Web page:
There was an unusual charitable work taken on by the Institute, which was that they threw open its doors to those who wanted a Retreat in an exceedingly spiritual place, which would be secure from the noise and distractions of the globe. it had been for this purpose that St Alphonsus and therefore the early Fathers, his contemporaries, engineered Retreats in a way that accommodated people in their Houses, not just priests from their own community, but of differing congregations who would then possibly return again to pray in seclusion. In the past there had been many Retreats where priests came together and were preached ot in common but mostly from abutting diocese not from fellow religious orders as such. It started a trend which saved on resources by having Retreats held jointly. Even when whole groups didn’t come together single Retreatants would arrive and , whether clergymen or laypeople, were made most welcome, and helped to go through spiritual exercises alone. Men who were tracked to be ordained were also received into the House. Having so many people, priests and layfolk come together created a solidarity, such that even to this day many dioceses around the world still make the annual Retreat at a Redemptorist house.

In establishing the Redemptorists, Alphonsus had established the foundations of his Institute in a hostile environment where he suffered constant State interference because of the anti-religious fervor of the time. He even had to frame his House rules in such a way as to avoid the perception of anything that could appear incompatible with the bigoted attitudes of those in authority.

This kind of limitation may be hard to understand today by those living in an a free society.

A few rules were established to move the Congregation forward such as at the Chapter of 1743 it was determined to receive sub-deacons conjointly with priests, and no Holy Orders were to be received until one was eighteen years and older. To achieve an early priesthood the brothers created their own studies within the Congregation to prepare the ordinands. The future priests members were all to have a Patrimony, which was a form of grant or title or even job, which was to fund his ordination, although in return they weren't to keep the proceeds from any employment or the administration of it.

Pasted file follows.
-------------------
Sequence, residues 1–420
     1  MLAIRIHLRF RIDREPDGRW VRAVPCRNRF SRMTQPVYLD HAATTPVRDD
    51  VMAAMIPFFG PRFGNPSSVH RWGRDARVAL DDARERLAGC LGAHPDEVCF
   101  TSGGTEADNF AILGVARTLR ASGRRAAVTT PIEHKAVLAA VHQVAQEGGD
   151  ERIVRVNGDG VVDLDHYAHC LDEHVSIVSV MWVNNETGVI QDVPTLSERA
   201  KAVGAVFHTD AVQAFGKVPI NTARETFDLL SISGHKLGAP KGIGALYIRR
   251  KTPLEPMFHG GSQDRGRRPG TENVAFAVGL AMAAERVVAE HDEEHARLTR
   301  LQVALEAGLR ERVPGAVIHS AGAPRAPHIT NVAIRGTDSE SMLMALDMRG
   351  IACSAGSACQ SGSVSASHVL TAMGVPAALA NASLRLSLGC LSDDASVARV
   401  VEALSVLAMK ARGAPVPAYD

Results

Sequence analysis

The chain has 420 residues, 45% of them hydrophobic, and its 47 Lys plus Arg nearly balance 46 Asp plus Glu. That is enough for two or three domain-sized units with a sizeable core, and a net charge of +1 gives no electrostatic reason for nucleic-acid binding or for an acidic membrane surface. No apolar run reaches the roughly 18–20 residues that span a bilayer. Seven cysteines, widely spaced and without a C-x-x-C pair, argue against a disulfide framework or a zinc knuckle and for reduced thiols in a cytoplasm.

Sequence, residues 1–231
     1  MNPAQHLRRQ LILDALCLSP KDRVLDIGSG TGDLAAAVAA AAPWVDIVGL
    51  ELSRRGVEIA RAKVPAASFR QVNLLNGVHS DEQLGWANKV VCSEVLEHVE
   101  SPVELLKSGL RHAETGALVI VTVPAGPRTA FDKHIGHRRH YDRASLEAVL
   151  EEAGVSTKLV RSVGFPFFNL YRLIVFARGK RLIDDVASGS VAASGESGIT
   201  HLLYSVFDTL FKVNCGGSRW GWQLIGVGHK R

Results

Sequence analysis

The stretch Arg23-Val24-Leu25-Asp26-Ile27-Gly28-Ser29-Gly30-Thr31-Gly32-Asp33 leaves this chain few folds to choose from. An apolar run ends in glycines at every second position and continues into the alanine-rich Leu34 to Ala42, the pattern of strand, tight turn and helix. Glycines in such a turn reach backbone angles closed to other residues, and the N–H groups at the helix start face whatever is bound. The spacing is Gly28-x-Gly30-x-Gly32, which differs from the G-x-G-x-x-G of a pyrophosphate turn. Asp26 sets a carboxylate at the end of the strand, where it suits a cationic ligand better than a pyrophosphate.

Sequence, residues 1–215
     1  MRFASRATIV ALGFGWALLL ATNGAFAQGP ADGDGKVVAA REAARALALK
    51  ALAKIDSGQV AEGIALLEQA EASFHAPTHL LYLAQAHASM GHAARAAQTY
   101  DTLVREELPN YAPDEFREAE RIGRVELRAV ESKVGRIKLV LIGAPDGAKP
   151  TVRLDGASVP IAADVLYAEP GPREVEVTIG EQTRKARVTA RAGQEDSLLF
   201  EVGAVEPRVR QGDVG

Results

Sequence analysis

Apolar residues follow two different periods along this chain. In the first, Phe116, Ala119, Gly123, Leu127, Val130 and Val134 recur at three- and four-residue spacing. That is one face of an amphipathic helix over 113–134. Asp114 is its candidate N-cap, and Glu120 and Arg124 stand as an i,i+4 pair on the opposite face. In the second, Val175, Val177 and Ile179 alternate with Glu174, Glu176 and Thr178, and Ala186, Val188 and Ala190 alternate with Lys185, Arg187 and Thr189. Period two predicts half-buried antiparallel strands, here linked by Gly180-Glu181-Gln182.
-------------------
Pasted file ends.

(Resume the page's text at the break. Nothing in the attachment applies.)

That they may not be a burden either to the fellow priests or be a cost to the Missions, they were to tend to other Missions for free not at the expense of the Institute, and hence, once the Fathers came into any parish, they wouldn’t charge any other House for services, and in return were waited on by one among the lay brothers whom they had brought with them.

Clearly the financial restrictions and Patrimony requirements brought limitations but Providence had a different idea on how to help.

In 1784, the major turning-point for the Congregation happened when two poor spiritual seekers, one Clement Hofbauer along with and his friend Thaddeus Hubl were received. They were far from home, lacked financial support – no employ, no patrons just a trust in God to guide them. History tells us that Alphonsus well understood that Providence had guided the men and that if the Institute were ever to be planted abroad, that the methods of Mission would need to adapt once more. It was through this fated meeting that the Congregation changed to be even more outward looking and expand north of the Italian mountains, the Alps.

In 1785 on the advice of the Papal Nuncio himself, the future Saint Clement and his friend went forth as if on an adventure into foreign lands, but boldly they went on their enterprise with all the vigour and the self-importance of men on the most important mission to help the Kingdom of Christ expand into an unknown land. In their pockets and training they bore the clear credentials of a commission from their own highest Superior, along with the. And so as if they were diplomats from heaven itself, the men reached the fields of their future labour Warszawa, to Transalpine lands.

Missions so elaborate in scale in the way there were used to in Italy weren’t possible in the first country through which they passed, Austria. The authorities there made it mildly hostile but allowed enough freedom of movement so that the fathers could preach and hear many confessions. Although the Austrian government wouldn't authorise the giving of standard missions, the missionary spirit animated the fathers who toiled for the salvation of souls. Despite what the work looked like while not bearing the name Mission many of the results and fruits of Mission were in fact achieved.

One result to this day of St Clement’s work is as follows: the Institute, whether its priest members are on mission are not, is supported by the people directly rather than by the need for patrimony, leaving the Gospel to be preached more freely. Also, the gates of the Congregation are thrown open such that hospitality is given to many non-religious, and thus a major fruit has been the expansion of the types of labour and trades members perform, and therefore the results of growth worldwide are in proportion to the extension of knowledge and skills.